The serial comma (also known as the Oxford or Harvard comma) is the comma placed before a coordinating conjunction (usually and and or, sometimes nor) that precedes the final item in a list of three or more items:
“I visited Norway, France, and Germany.”
The Chicago Manual of Style says to always use it. The Associated Press Stylebook, however, says you do not need it in a simple series (“I like the colors red, blue and yellow.”) but you do in a complex series (“While in Barcelona, we ate at three tapas restaurants, walked down Las Ramblas, and ran along the beach.”).
The trend in professional writing over the last decade or so has been: “the less punctuation, the better.” So you will see some articles in major publications that to not have a serial commas in a complex series, do not use commas to offset a non-restrictive clause beginning with which, do not have a comma before too when it comes at the end of a sentence, and other uses (or non-uses) of punctuation which appear to be errors.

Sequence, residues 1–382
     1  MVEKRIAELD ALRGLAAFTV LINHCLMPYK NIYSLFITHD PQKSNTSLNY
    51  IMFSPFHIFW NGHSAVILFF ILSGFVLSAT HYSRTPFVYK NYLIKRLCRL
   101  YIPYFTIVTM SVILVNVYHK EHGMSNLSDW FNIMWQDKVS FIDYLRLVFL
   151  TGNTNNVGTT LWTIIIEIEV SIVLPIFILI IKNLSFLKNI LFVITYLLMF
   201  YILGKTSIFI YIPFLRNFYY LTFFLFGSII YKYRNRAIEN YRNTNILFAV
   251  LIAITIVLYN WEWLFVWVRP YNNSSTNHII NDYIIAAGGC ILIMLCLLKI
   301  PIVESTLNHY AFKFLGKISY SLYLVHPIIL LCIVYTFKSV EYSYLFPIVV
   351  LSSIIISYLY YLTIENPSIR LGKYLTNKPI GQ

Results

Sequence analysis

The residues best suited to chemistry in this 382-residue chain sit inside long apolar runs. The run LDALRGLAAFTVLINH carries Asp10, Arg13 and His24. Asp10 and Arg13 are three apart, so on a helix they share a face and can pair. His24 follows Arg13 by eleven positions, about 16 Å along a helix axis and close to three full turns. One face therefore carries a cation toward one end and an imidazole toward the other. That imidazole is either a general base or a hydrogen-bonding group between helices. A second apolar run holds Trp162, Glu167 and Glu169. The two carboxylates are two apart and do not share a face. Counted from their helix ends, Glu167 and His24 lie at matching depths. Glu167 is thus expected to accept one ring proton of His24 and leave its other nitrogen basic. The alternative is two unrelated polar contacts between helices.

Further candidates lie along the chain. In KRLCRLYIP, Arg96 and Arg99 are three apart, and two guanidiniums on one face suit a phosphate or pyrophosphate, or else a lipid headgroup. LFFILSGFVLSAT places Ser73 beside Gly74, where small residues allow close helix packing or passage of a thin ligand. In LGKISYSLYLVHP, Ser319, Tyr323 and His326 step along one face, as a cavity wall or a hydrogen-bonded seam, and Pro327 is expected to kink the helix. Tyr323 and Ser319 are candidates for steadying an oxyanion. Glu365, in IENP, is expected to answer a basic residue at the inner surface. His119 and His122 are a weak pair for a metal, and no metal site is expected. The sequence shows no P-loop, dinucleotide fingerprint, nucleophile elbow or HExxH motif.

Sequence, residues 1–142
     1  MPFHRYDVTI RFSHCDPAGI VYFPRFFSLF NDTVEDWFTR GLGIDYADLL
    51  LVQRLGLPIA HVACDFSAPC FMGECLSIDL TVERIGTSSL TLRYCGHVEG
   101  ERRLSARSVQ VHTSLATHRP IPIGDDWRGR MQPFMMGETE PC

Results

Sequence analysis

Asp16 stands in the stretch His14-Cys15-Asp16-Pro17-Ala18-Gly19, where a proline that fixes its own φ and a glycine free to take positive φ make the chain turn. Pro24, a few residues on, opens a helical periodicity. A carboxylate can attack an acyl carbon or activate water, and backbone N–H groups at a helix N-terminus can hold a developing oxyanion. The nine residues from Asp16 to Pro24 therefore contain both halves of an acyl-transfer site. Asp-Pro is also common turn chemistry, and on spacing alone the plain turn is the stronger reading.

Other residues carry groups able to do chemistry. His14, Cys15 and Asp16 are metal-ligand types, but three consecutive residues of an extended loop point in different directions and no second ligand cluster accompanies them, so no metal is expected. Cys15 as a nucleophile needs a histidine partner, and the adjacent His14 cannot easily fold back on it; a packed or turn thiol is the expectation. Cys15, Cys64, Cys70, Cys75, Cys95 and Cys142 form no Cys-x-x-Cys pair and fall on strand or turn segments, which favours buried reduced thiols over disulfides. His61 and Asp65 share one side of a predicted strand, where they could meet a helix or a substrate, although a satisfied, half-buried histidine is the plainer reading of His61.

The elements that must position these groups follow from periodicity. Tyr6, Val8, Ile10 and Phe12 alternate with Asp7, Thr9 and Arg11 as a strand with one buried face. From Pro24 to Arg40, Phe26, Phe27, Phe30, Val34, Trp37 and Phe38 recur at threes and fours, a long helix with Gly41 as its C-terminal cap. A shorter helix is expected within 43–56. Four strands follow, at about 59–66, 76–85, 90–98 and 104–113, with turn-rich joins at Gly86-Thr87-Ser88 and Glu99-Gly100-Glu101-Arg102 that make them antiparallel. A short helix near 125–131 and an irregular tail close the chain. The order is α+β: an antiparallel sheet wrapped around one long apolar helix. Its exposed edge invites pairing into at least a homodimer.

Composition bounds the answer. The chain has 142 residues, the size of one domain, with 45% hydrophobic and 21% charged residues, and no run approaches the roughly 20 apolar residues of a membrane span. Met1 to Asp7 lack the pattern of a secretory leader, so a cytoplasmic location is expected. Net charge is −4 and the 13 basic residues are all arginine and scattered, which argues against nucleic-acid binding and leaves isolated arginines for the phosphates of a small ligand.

So what’s the final verdict? Use the serial comma at your own discretion, that is, follow your Writer’s Intuition. The reason often quoted for using the serial comma is to prevent sentences like this one which refers to Merle Haggard and appeared in a major newspaper:
“Among those interviewed were his two ex-wives, Kris Kristofferson and Robert Duvall.”
However, common sense and your Writer’s Intuition tells you such a sentence needs a comma before the and to clear up the confusion. So put one in. But your Writer’s Intuition will tell you the serial comma is not necessary in other cases. For example, “Among those interviewed were Kris Kristofferson, Robert Duvall and Haggard’s two ex-wives.”